“For awhile, I just wanted to be skinny. Then, I only wanted muscles. Now, I just want to be happy*.” I have been planning this post for few weeks and seeing this quote yesterday gave me the glue to put it all together. For the past decade, I have gone from wanting to be super skinny to wanting to be super strong to just wanting to be super happy. We’ve all heard that strong is the new skinny but when is enough, enough?
Strong is the New Skinny?
Or is it? Don’t get me wrong. I absolutely love the fact that I could snatch 205 lbs or clean and jerk 235 lbs but maintaining that amount of strength for so long just got to be uncomfortable. When you constantly wake up in the middle of the night because your arms are numb, it may be time to reevaluate your training and recovery, or lack there of. Risking an injury because I’ve become lackadaisical about my training, nutrition and recovery is not something I want to do.
#TBT to 2008 right before I started #crossfit. I was a size 2, 128lbs (I'm 5'8") and ran 30 miles a week. I had an unhealthy relationship with food. Since then, I've had two more kids and found my exercise of choice. I'm now 168lbs. I've never been completely satisfied with my body but I'm hoping that it comes with age.
A post shared by Alicia M. (@liftlikeamother) on May 5, 2016 at 11:51am PDT
I have been labeled everything from too skinny (2008) to too bulky to too intimidating. I’m constantly asked, “Do you workout?” or “How many times a week do you lift?” and to be completely honest, it’s annoying as sh*t. At my heaviest (175lbs), I wasn’t comfortable in my own skin. Having to balance my regular lifestyle with my crossfit life is really hard. You try packing all this muscle into a dress and not feeling like Shrek. News Flash: it’s impossible. I think that’s why I enjoy being pregnant so much. There are no body expectations or stigmas when you’re growing a cute, squishy, little human.
As long as I was competing in Crossfit and GRID, I was happy with the scabs from muscle ups and the barbell bites because I was an athlete and it comes with the territory. I could deal with the comments about my body to which I must say, if I can’t call people fat, then you can’t call people skinny or bulky or manly. Now that I’m not competing as much, I’m not OK with it. I’m not OK with explaining that my husband doesn’t beat me. I’ve been asked by numerous concierges about the marks on my arms. I mean, come on. And I’m looking at that most recent scabs on my forearms (from last weeks muscle ups) wondering if they’ll still be visible at an upcoming conference. Annoying to say the least.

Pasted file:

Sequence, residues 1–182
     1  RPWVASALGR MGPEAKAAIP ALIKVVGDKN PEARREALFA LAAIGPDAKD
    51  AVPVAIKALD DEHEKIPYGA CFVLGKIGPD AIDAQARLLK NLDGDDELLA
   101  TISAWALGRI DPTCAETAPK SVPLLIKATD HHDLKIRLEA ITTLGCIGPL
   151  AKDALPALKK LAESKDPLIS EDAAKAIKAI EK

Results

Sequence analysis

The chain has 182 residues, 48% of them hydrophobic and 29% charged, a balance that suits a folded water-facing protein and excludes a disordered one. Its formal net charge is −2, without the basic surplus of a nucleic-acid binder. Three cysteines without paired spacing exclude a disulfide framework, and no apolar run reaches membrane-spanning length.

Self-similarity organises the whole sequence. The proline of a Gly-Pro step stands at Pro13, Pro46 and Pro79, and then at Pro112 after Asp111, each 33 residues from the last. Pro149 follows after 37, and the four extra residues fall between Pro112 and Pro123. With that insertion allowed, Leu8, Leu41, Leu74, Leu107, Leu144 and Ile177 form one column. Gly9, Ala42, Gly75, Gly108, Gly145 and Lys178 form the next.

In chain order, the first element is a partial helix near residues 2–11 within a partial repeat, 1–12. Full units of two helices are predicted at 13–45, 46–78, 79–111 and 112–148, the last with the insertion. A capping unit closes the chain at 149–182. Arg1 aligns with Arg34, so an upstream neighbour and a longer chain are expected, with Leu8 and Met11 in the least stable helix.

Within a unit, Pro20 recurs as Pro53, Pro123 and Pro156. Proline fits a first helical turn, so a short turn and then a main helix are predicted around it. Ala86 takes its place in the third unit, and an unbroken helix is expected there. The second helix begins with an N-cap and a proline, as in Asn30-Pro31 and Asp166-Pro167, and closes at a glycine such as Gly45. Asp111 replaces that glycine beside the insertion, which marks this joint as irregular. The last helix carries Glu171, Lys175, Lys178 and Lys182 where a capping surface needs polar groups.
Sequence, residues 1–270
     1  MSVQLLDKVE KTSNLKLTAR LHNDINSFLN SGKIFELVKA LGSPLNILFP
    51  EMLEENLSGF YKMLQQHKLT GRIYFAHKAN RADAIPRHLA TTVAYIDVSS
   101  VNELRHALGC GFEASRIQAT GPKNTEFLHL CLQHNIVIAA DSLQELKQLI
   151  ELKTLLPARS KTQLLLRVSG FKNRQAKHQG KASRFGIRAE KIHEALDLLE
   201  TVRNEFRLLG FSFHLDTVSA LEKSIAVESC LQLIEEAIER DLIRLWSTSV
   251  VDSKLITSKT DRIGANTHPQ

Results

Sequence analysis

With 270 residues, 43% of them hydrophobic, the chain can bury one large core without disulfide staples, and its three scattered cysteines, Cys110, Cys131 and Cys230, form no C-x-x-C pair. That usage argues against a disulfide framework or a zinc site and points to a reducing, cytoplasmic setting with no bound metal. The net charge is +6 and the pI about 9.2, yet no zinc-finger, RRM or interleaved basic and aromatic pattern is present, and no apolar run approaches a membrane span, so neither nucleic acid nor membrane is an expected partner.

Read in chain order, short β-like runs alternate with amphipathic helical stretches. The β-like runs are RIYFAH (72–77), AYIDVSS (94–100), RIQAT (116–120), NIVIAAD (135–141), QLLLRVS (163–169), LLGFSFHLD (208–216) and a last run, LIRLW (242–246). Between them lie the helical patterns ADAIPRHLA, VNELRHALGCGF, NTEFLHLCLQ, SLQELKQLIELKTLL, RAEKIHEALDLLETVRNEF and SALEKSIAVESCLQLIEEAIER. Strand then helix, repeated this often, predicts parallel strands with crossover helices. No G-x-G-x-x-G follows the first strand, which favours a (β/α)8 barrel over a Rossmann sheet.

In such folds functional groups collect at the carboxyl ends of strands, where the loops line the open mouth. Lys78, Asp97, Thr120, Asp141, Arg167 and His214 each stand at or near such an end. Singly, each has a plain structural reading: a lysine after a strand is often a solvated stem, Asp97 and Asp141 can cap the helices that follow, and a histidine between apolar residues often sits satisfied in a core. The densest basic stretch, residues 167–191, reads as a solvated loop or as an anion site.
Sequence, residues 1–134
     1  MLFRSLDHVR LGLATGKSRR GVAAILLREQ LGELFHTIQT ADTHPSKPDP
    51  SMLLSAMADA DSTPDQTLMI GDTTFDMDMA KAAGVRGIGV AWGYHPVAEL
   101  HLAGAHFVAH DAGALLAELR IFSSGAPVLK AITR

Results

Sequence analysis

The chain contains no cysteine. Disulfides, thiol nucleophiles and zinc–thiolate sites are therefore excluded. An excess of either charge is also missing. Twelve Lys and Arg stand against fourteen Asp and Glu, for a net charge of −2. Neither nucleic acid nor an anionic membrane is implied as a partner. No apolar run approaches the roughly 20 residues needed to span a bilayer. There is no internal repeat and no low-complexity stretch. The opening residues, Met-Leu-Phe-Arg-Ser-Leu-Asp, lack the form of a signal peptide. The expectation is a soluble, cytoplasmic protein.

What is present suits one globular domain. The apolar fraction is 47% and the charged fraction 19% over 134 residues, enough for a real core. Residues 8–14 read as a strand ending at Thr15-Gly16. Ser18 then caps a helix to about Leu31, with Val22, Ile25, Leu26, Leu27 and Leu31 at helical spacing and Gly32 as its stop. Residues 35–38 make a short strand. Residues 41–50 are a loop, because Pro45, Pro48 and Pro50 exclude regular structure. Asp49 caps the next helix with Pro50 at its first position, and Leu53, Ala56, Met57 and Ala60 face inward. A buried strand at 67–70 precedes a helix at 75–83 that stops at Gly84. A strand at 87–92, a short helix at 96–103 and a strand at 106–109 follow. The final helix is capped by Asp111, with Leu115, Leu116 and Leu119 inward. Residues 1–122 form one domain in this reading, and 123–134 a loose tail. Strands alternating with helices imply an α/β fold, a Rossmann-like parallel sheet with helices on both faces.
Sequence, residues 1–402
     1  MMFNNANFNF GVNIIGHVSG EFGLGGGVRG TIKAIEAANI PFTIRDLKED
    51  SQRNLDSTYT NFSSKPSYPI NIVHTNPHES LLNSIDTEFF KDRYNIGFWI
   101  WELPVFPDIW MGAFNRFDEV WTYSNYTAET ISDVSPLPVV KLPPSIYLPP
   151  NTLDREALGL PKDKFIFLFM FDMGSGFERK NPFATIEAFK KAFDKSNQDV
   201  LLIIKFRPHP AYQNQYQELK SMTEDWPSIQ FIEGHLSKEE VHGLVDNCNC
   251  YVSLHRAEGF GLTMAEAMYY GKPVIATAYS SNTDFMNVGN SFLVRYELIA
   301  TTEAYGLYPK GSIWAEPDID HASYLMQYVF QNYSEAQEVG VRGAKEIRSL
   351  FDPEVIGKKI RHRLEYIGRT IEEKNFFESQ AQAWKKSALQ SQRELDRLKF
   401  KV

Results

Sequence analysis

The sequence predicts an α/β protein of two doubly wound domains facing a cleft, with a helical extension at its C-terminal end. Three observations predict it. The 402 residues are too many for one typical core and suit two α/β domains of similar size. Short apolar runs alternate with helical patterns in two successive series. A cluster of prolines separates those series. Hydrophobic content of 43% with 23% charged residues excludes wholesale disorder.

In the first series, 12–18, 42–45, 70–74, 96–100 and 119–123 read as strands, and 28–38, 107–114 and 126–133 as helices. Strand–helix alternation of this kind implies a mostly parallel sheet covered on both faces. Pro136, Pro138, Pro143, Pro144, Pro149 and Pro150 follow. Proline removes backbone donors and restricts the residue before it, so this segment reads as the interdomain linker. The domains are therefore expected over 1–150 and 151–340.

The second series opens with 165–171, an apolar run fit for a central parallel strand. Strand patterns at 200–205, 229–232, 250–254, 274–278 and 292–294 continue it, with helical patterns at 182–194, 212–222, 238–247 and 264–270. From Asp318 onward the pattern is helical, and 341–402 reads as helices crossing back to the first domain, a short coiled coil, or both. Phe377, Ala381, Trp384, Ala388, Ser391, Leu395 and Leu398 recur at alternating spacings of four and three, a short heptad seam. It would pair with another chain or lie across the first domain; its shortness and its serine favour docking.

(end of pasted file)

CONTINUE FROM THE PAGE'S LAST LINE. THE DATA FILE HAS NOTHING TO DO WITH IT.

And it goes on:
A New Journey
Will I ever compete in Crossfit again? I absolutely love competing but I don’t love the sacrifice so who knows. The sport aspect has changed so much since 2010. I went from deadlifting in the middle of a field in Ohio to snatching in the Georgia World Congress Center. If you’re not 100% committed to training, to dieting, to living the gym life, you don’t stand a chance at Regionals or the Games. And even if you are 100% committed, your chances still aren’t that great.
So for now, I just want to exercise really fast and work on my weaknesses. I don’t want to count macros or keep a training log. I don’t want to leave my kids for 2-3 hours a day to train. I’m completely ok with never snatching 200lbs again and I’m ok with not squatting 300lbs. I want to be comfortable in my own skin. I want to have balance. Happy is the new strong is the new skinny.
My hope it to set my kids up for success. I have 2 daughters that have to make their way though this skinny obsessed world. Are they going to be strong enough to handle it? If I have anything to say about it, they absolutely will!
*Thank you Sara W. for the great find!